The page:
The innovative Schiaparelli lander is nearing the end of its journey from the ExoMars Trace Gas Orbiter to the Martian surface.
|Update (October 16th):
ESA reports that the ExoMars Trace Gas Orbiter is now back online with full telemetry is restored... a little Sunday afternoon space-drama!
|Update (October 16th):
Separation of the Schiaparelli EDM lander from the Mars Trace Gas Orbiter at 16:42 CEST was confirmed by the ESA team at 17:02 CEST. The lander is in good health, and on its way to Mars for a Wednesday landing. Separation signal was received by the Giant Metrewave Telescope in Pune, India. A loss of telemetry was experienced by the Exomars Trace Gas Orbiter post separation. The team is investigating the cause: currently, they're only getting a carrier wave signal from the orbiter minus telemetry.
|Update (October 16th):
ESA is posting live updates for the ExoMars mission from spacecraft separation through landing here. Live video from the European Space Operations Center in Darmstadt, Germany leading up to spacecraft separation starts today (Sunday October 16th) at 14:30 UT/16:30 CEST/10:30 AM EST.
|Update (October 14th):
ESA Operations in Darmstadt, Germany reports that the final flight correction performed today by the ExoMars Trace Gas Orbiter at 10:45 Central European Summer Time (CEST) was successful; there was a small under performance against the targeted 1.4 cm/per second burn that the Flight Dynamics team is reviewing, but Schiaparelli is on track for a 16:42 CEST release on Sunday.
Get set for a wild ride. On October 16th, the ExoMars Trace Gas Orbiter released a landing craft to demonstrate key technologies for a future ExoMars rover: the Schiaparelli entry, descent, and landing demonstrator module (EDM).
The joint Roscosmos / European Space Agency mission launched on March 14th atop a Proton rocket from the Baikonur Cosmodrome in Kazakhstan. This was the only mission to make the journey from Earth to Mars during the 2016 opposition season. Thales Alenia Aerospace built both the orbiter and the lander.
The lander is named after 19th-century Italian astronomer and Mars observer Giovanni Schiaparelli, who first described the now-infamous canali ("channels") – later misinterpreted as "canals" — of Mars.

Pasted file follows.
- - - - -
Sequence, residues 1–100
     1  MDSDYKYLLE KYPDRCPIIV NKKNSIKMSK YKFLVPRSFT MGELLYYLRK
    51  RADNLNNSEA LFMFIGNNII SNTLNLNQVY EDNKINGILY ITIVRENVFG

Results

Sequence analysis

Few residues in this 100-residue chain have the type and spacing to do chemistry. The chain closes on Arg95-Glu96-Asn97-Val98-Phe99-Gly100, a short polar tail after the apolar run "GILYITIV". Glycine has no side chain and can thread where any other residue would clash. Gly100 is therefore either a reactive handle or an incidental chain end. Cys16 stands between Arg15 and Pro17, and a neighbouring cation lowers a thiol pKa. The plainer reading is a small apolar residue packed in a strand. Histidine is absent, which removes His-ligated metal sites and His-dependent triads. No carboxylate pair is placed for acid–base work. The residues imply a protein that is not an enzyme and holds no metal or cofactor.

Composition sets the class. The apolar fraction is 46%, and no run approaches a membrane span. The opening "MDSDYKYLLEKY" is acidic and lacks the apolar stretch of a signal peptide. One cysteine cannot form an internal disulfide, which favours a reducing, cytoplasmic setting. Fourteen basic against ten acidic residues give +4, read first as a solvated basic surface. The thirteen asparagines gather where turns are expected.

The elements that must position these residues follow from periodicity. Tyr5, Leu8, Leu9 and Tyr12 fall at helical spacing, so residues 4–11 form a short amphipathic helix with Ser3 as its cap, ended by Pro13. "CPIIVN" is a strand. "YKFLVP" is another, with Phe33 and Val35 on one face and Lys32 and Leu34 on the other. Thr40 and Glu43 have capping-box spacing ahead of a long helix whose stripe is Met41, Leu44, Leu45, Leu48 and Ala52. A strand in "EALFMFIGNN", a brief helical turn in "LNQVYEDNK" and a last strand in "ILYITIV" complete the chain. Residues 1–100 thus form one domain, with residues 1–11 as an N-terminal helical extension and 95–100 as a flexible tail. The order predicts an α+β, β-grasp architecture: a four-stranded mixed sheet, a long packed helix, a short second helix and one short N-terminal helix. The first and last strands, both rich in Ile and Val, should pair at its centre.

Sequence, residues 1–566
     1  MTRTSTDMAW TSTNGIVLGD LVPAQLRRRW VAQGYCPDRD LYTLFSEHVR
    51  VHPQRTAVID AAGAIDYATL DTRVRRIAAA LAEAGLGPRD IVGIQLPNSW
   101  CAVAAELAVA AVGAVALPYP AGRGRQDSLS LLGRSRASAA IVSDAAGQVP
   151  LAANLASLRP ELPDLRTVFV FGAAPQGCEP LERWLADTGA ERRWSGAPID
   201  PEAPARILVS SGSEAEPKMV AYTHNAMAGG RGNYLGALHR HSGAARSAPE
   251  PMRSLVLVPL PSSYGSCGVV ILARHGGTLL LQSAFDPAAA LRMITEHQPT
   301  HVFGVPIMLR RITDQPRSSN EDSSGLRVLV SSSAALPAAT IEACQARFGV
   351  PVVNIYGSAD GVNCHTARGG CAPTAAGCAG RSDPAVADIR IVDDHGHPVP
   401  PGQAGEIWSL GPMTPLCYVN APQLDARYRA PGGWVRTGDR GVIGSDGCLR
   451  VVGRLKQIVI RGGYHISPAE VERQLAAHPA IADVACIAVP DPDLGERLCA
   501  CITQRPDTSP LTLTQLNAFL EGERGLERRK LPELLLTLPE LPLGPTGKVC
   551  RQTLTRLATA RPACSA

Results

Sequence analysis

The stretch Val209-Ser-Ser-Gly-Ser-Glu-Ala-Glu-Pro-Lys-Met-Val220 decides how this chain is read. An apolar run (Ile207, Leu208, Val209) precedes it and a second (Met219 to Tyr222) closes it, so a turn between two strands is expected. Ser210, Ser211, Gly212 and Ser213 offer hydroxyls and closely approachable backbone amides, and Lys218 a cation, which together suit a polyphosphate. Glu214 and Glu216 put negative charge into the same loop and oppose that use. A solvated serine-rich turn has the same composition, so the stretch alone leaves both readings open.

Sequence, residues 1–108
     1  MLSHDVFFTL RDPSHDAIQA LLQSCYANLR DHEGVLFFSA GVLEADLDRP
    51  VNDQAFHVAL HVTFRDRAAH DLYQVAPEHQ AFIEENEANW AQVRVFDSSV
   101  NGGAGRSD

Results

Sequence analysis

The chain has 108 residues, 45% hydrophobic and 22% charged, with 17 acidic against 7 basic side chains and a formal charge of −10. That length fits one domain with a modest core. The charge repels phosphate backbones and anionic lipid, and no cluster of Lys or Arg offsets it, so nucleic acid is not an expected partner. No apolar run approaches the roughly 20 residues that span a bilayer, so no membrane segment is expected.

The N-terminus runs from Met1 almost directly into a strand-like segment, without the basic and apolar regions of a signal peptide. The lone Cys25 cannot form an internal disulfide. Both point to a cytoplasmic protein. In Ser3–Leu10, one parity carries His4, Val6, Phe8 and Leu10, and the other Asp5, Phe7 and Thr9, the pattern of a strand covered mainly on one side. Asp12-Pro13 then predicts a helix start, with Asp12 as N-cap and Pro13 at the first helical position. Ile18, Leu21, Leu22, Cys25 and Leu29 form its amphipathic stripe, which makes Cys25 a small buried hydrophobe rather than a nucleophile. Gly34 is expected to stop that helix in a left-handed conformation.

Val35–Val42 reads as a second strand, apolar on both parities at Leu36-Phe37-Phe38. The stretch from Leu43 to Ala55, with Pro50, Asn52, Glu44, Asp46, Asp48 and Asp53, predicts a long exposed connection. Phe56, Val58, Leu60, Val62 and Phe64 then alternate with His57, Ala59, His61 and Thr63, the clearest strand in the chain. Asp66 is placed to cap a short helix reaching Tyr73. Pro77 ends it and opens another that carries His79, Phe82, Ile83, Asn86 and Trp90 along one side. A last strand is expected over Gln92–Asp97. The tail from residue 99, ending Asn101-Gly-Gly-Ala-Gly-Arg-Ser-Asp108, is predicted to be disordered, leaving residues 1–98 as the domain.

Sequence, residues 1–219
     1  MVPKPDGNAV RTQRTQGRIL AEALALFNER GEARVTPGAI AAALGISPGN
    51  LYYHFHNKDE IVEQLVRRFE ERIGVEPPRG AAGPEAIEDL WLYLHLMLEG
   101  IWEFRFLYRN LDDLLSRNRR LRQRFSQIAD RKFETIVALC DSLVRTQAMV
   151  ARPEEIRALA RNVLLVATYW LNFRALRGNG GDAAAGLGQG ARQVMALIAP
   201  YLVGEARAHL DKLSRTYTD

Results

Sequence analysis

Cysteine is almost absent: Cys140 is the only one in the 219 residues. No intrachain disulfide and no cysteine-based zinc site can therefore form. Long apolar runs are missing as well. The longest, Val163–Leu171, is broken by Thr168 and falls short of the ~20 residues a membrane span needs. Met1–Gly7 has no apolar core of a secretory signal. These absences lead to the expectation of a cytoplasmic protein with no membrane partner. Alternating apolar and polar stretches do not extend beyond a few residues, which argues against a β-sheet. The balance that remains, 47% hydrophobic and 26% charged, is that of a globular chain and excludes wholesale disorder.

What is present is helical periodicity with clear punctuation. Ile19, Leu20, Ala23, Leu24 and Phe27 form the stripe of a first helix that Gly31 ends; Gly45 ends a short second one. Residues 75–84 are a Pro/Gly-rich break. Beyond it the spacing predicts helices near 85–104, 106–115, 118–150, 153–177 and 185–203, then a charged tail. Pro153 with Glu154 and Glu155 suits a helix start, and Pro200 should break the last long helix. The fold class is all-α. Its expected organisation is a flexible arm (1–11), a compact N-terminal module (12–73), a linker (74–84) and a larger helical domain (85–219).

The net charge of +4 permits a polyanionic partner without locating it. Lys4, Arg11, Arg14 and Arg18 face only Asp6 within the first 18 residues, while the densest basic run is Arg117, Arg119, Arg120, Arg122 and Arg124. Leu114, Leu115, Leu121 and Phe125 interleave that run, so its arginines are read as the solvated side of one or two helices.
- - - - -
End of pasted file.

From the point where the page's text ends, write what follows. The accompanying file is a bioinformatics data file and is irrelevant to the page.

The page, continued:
Ground tracking stations began around the clock contact with the ExoMars Trace Gas Orbiter on October 9th. Schiaparelli separated from the orbiter on Sunday, October 16th, beginning a three-day journey to the Red Planet. The 6-minute descent to the surface should occur on Wednesday, October 19th, at 14:48 UT (4:48 p.m. CEST, 10:48 a.m. EDT). Mars is currently about 169 million km (1.128 astronomical units) from Earth, or just over 9 light-minutes away. Schiaparelli is aiming for a touchdown in a 100-by-15-km ellipse in the Meridiani Planum region of Mars.
The ballistic entry of Schiaparelli is closer to that of the Mars rovers Spirit and Opportunity than the guided entry of Curiosity. “The EDM is Europe's first try at landing on Mars, and as landing systems go, it is pretty ambitious,” says Jorge Vago (ESA's ExoMars Project Scientist). “Schiaparelli incorporates a sophisticated Doppler radar to measure distance to the ground and speed over the surface. The information is used to command the pulsed hydrazine engines, which are organized in three clusters of three motors each.”
The Roscosmos and ESA engineers will scale up the platform and use lessons learned from the Schiaparelli EDM landing for the ExoMars rover.
If successful the mission will be the first Mars landing carried out by ESA. The only semi-successful landing on Mars carried out by a space agency other than NASA was the Soviet Union's Mars 3, which fell silent 14.5 seconds after reaching the Martian surface in 1971.
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Early plans for Schiaparelli called for a plutonium-fueled radioisotope thermoelectric generator (RTG) supplied by Russia, but the cost and complexity of such a power source proved too great. The lander doesn't even have solar panels and will instead rely on internal battery power, similar to ESA's Huygens mission which landed on Titan in 2005. At most, Schiaparelli is expected to operate for 2 to 8 sols (Martian days, each 24.7 hours long) on the planet's harsh surface.
Foiling the Ghoul